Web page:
Forget swiping: Why a Japanese city is encouraging strangers to exchange handwritten love letters

Forget swiping: Why a Japanese city is encouraging strangers to exchange handwritten love lettersForget swiping: Why a Japanese city is encouraging strangers to exchange handwritten love letters
Rebecca Moon
June 23, 2022
The city of Miyazaki, Japan, is encouraging single individuals to send each other love letters through a matchmaking program created two years ago. 
Known as Miyazaki Koibumi, the letter-writing campaign was originally launched in 2020. Applicants looking for matches are paired based on personal information and preferences such as taste in films and books. As a way of encouraging applicants to base their decisions on personality rather than looks, profile photos are not allowed.
Single men and women who reside in Miyazaki or neighboring towns such as Kumitomo and Aya are eligible for the program, and applicants must also be aged 20 and older.
Once a couple has been paired, each individual may send up to five letters without revealing their names or addresses. If the couple requests a face-to-face meeting, a consulting firm commissioned by the program provides each individual with details and leaves the pair to plan the meeting on their own. 
A unique aspect of the program is that participants must drop their letters into a yellow postbox that is described as bringing joy. The yellow postbox was inspired by the mythological story of Princess Toyotama and Yamasachihiko who exchanged love letters in Aoshima.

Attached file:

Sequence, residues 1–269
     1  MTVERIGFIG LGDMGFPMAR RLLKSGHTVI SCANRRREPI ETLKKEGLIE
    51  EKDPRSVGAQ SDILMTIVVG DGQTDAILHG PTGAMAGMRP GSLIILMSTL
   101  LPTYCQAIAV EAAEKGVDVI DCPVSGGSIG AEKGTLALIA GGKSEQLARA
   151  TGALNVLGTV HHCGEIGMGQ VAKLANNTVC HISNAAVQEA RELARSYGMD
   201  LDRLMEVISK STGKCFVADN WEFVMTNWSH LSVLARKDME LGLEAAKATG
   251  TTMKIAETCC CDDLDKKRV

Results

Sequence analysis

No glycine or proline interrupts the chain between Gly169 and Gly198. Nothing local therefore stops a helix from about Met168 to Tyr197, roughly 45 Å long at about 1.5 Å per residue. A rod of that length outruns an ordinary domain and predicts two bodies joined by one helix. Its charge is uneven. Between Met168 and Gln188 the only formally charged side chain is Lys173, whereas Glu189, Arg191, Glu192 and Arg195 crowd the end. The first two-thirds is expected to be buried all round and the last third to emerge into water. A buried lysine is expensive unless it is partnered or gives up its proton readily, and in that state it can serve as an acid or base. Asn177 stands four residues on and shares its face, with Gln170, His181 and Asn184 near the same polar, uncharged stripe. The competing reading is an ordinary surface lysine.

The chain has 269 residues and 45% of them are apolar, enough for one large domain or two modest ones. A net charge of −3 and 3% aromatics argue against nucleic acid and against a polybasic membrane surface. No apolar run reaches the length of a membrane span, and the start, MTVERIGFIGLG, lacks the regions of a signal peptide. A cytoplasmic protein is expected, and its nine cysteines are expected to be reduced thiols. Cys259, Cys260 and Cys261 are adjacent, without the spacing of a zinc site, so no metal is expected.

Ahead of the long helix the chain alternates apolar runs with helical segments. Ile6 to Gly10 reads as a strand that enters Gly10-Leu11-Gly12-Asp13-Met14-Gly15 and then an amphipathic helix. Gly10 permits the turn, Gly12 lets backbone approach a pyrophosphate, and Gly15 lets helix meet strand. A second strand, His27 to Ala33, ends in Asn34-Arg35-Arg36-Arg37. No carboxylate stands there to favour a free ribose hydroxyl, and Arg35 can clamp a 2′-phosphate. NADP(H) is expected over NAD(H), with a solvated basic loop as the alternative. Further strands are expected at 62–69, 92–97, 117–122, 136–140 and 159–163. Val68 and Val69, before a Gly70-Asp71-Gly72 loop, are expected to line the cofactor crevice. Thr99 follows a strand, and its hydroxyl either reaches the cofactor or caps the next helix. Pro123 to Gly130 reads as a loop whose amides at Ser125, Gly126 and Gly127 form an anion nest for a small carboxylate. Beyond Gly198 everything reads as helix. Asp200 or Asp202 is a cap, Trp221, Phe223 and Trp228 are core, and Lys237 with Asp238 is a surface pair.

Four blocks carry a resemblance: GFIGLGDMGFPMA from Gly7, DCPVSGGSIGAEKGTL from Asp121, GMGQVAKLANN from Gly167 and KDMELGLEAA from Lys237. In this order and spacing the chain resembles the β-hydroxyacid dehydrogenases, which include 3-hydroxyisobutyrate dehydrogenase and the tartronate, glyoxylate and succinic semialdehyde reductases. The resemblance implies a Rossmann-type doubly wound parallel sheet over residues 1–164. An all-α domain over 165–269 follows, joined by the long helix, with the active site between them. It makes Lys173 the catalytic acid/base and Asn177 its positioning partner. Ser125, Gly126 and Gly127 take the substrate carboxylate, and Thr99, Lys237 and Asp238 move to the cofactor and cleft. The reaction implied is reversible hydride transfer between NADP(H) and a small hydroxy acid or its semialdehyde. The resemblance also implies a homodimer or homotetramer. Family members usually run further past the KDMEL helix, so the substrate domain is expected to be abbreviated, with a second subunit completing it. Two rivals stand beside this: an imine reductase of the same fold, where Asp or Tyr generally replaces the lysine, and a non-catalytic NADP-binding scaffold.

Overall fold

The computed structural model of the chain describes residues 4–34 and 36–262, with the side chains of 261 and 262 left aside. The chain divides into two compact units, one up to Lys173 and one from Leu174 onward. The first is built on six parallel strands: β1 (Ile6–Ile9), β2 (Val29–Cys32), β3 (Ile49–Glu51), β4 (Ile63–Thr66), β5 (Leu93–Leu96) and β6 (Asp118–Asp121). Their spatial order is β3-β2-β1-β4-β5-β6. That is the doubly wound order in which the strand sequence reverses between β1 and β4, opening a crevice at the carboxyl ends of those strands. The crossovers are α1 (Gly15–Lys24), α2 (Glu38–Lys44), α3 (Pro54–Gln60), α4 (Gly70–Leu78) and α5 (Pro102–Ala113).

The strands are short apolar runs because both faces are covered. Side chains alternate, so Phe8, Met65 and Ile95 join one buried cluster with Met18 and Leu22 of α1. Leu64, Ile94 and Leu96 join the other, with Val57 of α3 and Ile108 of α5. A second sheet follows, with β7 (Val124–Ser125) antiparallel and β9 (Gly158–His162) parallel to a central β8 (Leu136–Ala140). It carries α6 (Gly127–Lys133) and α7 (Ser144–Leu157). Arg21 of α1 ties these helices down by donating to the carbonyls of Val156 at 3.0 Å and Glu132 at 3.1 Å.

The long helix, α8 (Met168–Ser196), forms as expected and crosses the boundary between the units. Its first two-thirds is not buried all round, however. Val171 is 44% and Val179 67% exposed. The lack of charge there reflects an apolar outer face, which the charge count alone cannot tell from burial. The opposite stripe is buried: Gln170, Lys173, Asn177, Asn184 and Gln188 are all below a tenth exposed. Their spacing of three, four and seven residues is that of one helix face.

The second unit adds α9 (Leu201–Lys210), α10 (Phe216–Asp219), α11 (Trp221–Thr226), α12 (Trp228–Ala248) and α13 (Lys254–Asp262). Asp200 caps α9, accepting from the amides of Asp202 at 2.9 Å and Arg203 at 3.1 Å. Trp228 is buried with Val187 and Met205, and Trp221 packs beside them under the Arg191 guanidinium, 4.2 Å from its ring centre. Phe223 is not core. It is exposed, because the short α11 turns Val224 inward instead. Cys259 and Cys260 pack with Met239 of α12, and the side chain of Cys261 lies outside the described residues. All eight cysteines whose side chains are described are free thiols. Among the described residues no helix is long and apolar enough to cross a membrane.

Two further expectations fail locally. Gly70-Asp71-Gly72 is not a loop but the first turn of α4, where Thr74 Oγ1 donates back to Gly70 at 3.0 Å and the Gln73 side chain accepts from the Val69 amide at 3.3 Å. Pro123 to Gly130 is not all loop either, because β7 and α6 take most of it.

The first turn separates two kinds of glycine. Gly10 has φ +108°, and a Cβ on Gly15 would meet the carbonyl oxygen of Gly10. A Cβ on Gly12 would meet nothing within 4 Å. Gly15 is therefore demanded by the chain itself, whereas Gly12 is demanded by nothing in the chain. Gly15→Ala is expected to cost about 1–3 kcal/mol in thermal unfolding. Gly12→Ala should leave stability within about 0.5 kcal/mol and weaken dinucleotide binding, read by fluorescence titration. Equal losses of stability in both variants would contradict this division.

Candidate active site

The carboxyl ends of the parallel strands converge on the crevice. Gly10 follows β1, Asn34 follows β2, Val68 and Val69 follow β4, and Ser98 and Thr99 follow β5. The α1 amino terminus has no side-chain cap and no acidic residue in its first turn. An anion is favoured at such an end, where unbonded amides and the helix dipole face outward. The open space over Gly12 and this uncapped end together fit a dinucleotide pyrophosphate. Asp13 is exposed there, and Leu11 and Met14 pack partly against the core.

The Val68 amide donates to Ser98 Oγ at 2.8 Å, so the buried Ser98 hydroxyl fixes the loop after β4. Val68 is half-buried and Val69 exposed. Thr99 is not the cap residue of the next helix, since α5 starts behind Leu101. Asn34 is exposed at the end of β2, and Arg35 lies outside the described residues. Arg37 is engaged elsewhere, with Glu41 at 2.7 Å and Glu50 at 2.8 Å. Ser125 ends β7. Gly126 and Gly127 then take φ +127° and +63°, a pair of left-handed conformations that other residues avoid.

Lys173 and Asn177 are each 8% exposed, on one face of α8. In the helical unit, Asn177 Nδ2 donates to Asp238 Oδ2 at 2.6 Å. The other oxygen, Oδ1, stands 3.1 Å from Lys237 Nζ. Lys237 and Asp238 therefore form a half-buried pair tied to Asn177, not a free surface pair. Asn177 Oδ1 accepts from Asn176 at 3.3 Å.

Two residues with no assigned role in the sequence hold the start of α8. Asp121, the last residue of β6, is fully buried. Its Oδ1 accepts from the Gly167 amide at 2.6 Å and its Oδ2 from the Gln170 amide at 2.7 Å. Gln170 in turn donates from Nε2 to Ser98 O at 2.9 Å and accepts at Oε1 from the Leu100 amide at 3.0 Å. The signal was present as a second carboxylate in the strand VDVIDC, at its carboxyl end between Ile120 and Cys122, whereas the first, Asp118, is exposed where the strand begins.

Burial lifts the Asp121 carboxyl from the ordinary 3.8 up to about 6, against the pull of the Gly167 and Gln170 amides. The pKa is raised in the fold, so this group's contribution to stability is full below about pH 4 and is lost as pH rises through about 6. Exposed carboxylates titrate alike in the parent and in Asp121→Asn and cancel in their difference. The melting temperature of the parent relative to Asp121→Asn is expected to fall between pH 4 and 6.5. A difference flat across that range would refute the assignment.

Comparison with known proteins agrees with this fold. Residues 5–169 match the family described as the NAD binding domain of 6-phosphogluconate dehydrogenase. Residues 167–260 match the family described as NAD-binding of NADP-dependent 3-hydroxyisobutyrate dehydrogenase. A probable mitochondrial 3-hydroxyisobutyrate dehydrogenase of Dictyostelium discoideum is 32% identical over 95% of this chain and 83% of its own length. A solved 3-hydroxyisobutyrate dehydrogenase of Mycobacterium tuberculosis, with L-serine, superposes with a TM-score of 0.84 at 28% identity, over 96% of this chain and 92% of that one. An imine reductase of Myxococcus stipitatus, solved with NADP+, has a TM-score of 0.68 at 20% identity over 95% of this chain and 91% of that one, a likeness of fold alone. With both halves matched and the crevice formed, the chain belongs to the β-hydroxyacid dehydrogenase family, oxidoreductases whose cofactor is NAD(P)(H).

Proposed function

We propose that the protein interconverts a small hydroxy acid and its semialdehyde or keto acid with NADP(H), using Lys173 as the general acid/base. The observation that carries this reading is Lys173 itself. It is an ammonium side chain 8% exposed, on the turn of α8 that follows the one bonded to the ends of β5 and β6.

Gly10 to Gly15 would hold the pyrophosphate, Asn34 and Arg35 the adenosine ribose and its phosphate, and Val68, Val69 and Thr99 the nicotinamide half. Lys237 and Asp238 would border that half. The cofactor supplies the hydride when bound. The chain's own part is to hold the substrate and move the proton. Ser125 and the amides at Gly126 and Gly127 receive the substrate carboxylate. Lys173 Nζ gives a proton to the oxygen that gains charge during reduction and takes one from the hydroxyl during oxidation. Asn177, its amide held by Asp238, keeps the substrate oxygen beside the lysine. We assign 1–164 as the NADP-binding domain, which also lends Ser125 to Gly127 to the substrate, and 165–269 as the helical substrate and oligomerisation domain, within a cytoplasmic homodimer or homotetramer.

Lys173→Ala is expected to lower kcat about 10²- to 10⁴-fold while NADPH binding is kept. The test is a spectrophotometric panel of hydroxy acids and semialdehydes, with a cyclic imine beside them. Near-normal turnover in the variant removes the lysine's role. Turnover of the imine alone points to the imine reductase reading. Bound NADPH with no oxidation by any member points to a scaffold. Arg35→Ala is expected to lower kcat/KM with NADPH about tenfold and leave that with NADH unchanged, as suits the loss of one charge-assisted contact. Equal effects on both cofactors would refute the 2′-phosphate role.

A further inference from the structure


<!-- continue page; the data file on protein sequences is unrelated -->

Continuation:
“It’s less about how good your penmanship is and more the fact that you write every single character sincerely and with care, thinking deeply about the person you’re writing to. That’s what makes letters so powerful,” Miyata Rie, the head of a local consulting firm, told Agence France-Presse (AFP). 
The program was proposed by a city official whose parents used to send each other love letters before marriage as a way of deepening their love and relationship. 
Although no marriages have resulted from the program, 17 couples were brought together from 32 face-to-face meetings. Around 450 applicants have signed up for the program so far, 70% of whom are in their 20s and 30s. In March 2021, 199 women and 132 men were registered for the program, stating that the COVID-19 pandemic motivated the chance “to meet new people.”
“As a kid I used to write letters to the girl I had a crush on,” a 25-year-old male participant told AFP. “I like how old-fashioned letters are. That made me want to join.”
“You worry, ‘Did I say something wrong?’ when there’s no instant reply or it doesn’t show that the other person read your message right away. But I knew from the start that letters take time [to arrive], so it didn’t stress me out,” a 32-year-old office worker told Mainichi Shimbun.
Miyazaki Koibumi was created as a way of battling Japan’s low birth rate and declining population. The country recorded its lowest number of births in 2021, with a total of 811,604 births and 1,439,809 deaths. Japan’s population declined by a record number of 629,205, marking the country’s largest natural decline in population to date. 
Featured Image via Debby Hudson
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